Grain prices were generally trending higher this week before seeing a sell-off on Friday to erase a fair amount of gains. Simply put, bears became more competitive than bulls.
Wheat and corn prices seem eternally rangebound as in the past few weeks they haven’t moved more than a quarter. Corn and soybeans were virtually unchanged since last Friday. Similarly, Kansas City hard red winter wheat moved less than a cent from where it ended last week. Chicago SRW wheat prices ended 0.3% lower while Minneapolis hard red spring wheat prices gained. Oats lost 1.05% but canola was up 0.5%. This despite the Canadian Dollar appreciating 0.5% to back up above 78 cents.
On the canola front, the January 2018 contract nearly touched highs set in July before pulling back like the rest of the complex on Friday. A rising Canadian Loonie also made it difficult for canola prices to squeak out more gains. However, there are several bullish factors that canola traders are eyeing. One is how the U.S. will adapt to decreasing soy oil imports from Indonesia and Argentina.
After placing heavy tariffs on imports, it’s expected U.S. imports will decline and domestic American demand for soy oil will increase to meet biodiesel capacity. However, there’s a debate that too much American soy oil gets exported, and there’ll be a shortfall. More specifically, Scott Irwin from the University of Illinois thinks that some of the 13.8 billion pounds of soy oil used for food, feed, and cosmetics in the U.S. could be diverted to the biodiesel sector.
Enter canola. Canadian canola oil could be used directly by American biodiesel plants, or replace soy oil in food, feed, and/or cosmetic markets. It’s not going to happen immediately, but it’s one bullish factor that we’re keeping our eye on for canola prices.
Another factor affecting canola prices may be Australia’s smaller canola crop. Currently, the USDA is forecasting the highest estimate, with 3 million tonnes of canola production in the Land Down Undaa.
The International Grains Council (IGC)) and Rabobank both dropped their estimates recently to 2.7 and 2.6 million tonnes, respectively. That’s a significant drop from last year’s 4.14 million-tonne canola harvest by Australian farmers. Currently, ABARES (the USDA equivalent in Australia), expects a 2.75-million tonne harvest. This includes 2.04 million tonnes of exports, but that would be a 43% decline in exports year-over-year.
Flipping gears, some new estimates for the U.S. corn and soybean crop came out this week ahead of the next USDA WASDE report expected for Wednesday, November 8th. In October, the USDA forecasted U.S. corn and soybean yields at 171.8 and 49.5 bushels per acre, respectively. INLT FC Stone expects an average corn yield of 173.7 bushels per acre and 49.9 for soybeans. Comparably, Informa Economics is calling for 173.4 bushels of corn per acre and 49.7 for soybean fields.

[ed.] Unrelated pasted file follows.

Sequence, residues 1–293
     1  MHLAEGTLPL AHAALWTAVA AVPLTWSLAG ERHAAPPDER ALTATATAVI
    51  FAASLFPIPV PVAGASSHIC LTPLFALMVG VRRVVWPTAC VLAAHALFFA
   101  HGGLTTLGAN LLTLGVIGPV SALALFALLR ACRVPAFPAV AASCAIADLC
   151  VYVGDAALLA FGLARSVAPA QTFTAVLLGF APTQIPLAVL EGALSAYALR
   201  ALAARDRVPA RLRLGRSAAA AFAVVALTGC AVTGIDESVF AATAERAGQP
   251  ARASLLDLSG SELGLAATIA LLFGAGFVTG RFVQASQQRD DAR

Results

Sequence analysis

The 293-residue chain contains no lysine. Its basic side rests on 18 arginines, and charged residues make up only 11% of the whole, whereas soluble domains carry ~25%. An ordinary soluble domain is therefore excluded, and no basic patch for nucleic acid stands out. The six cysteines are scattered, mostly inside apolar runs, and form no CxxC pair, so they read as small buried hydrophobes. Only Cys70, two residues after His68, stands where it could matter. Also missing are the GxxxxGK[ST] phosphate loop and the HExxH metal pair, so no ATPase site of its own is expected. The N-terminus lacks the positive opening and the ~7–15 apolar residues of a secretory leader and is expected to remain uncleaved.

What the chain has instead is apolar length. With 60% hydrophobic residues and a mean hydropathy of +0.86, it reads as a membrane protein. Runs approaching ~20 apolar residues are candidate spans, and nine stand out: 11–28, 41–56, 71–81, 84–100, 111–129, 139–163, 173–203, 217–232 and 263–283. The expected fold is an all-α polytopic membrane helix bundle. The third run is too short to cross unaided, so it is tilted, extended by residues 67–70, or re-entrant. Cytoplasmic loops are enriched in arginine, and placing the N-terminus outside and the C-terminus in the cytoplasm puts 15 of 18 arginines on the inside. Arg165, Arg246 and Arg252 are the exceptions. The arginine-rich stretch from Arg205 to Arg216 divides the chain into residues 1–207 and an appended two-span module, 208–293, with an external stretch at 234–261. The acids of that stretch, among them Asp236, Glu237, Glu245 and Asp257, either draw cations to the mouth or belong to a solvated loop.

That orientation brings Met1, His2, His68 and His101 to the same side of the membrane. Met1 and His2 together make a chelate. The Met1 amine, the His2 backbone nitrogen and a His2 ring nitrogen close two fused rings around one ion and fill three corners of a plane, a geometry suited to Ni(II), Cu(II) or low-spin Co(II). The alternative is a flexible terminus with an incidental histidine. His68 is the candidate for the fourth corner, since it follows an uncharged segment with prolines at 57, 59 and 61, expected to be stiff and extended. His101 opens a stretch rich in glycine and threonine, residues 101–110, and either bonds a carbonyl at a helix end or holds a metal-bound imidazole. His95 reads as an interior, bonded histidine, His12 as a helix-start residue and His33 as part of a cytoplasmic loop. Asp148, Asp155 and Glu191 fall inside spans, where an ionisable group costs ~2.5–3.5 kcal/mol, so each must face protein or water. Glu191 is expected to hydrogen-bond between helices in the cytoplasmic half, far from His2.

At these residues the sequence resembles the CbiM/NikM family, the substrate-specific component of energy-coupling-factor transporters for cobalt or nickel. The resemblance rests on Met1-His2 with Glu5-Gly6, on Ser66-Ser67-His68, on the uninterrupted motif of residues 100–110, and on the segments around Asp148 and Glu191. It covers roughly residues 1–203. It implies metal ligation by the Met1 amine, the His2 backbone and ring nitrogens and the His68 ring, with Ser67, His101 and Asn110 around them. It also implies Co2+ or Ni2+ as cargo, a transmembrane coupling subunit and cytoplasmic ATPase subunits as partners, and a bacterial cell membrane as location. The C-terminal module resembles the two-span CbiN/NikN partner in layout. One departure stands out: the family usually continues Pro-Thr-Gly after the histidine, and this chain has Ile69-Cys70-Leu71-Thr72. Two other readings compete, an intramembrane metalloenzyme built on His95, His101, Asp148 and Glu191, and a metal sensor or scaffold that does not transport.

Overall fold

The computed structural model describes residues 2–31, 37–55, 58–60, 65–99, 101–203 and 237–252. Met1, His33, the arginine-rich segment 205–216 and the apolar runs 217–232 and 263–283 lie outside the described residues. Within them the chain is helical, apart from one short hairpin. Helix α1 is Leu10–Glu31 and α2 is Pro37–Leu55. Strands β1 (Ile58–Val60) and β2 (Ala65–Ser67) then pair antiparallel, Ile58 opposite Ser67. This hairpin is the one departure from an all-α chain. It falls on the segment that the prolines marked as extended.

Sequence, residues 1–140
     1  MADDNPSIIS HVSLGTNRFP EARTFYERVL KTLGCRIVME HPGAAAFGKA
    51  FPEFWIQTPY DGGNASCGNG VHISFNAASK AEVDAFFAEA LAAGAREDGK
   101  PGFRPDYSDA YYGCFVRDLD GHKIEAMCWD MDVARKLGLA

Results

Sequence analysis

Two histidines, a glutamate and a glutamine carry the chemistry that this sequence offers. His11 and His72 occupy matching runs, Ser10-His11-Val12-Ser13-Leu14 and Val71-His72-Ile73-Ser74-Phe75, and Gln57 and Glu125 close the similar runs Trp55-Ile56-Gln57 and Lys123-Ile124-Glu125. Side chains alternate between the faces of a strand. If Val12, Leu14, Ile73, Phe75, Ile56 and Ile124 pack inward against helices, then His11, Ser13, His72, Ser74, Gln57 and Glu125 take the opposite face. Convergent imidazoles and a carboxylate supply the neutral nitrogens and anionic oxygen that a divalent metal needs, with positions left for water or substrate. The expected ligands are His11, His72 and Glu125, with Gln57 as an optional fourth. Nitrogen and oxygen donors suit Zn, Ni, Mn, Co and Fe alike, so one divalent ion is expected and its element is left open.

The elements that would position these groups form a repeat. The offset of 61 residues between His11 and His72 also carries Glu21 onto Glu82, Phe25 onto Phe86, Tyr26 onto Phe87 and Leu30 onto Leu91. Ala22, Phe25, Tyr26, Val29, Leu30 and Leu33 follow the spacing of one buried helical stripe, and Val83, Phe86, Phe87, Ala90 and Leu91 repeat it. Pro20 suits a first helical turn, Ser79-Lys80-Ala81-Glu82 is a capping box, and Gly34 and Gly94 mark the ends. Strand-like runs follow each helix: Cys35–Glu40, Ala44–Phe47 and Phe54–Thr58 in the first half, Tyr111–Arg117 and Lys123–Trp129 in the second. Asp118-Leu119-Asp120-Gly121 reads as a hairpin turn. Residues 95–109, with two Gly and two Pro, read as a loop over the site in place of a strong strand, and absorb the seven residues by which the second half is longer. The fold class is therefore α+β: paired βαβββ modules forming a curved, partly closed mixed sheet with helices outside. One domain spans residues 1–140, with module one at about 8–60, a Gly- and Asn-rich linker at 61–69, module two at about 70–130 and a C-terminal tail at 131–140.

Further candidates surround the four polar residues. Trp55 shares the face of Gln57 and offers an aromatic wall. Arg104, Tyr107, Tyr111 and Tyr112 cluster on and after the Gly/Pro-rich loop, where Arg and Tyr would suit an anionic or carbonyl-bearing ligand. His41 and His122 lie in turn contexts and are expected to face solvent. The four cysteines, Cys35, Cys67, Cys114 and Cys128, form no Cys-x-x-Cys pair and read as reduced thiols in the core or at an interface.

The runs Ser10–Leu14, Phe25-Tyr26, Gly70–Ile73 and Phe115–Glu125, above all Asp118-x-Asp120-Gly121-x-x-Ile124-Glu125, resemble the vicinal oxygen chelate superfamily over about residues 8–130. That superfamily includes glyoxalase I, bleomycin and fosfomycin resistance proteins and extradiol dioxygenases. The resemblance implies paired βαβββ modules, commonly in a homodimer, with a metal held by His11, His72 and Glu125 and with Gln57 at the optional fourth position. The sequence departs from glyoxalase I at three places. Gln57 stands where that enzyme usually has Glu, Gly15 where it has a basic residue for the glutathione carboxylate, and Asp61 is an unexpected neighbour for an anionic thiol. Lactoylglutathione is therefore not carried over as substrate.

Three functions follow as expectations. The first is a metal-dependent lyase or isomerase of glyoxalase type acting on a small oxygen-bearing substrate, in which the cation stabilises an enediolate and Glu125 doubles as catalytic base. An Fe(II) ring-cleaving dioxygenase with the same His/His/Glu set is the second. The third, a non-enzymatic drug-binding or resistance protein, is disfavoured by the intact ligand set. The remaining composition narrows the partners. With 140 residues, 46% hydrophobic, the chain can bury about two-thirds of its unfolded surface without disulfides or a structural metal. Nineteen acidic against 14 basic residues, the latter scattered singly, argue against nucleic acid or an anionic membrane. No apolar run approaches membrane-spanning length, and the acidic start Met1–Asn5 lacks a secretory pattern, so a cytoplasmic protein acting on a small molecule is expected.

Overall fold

These numbers can be perceived as neutral-bearish, turning minds to South America. According to AgResource, soybean planting in Brazil should reach 44% by Friday, November 3rd. If realized, that would be a 14-point jump in one week and slightly behind the 5-year average of 47%. Last year, 52% of the soybean crop had been planted though.
There is rain in the forecast, which is incentivizing most farmers to run planters 24/7. About 1-3 inches is expected in the next week, followed by as much as 4-5 inches from November 8 to 15. Again, if realized, total August-November rainfall would be closer to the average.
Switching into corn, INTL FCStone is forecasting Brazil’s 2018 safrinha corn crop at 23.6 million tonnes, about 400,000 MT below their previous forecast. They’re blaming a late soybean planting pace for the numbers.
Brazil did ship out a record 5 million tonnes of corn in October. This would put in on track to hit the USDA’s target of 34 million tonnes of outbound shipments for 2017/18. For soybeans, Brazil shipped out 2.49 million tonnes in October. This would’ve been a record if not for October 2014/15’s number, which was just above 2.5 million tonnes.
This year’s Brazilian export pace is up 25% or more than 12.5 million tonnes than what was shipped out a year ago. This puts total Brazilian soybean exports within a few million tonnes of the USDA’s current total marketing-year forecast of 64 million tonnes. (And there are three months left to go!) There are already 1.5 million tonnes of Brazilian soybean scheduled to sail in November. Might we see the USDA update their number in next week’s November WASDE report?
Another number that could be edited in next week’s WASDE is Russia’s wheat balance sheet. As of last week, Russia had exported 15.8 million tonnes of grain thus far in the 2017/18 marketing season That’s up 27% from a year earlier. After looking at the numbers, 12.3 million tonnes of wheat have been exported. That’s up 21% year-over-year. This just reiterates our sentiments from back in September on the rise of Russian grain production and exports. Russia is likely taking the business in Asian markets since Canada, America, and Australia can’t be as price competitive.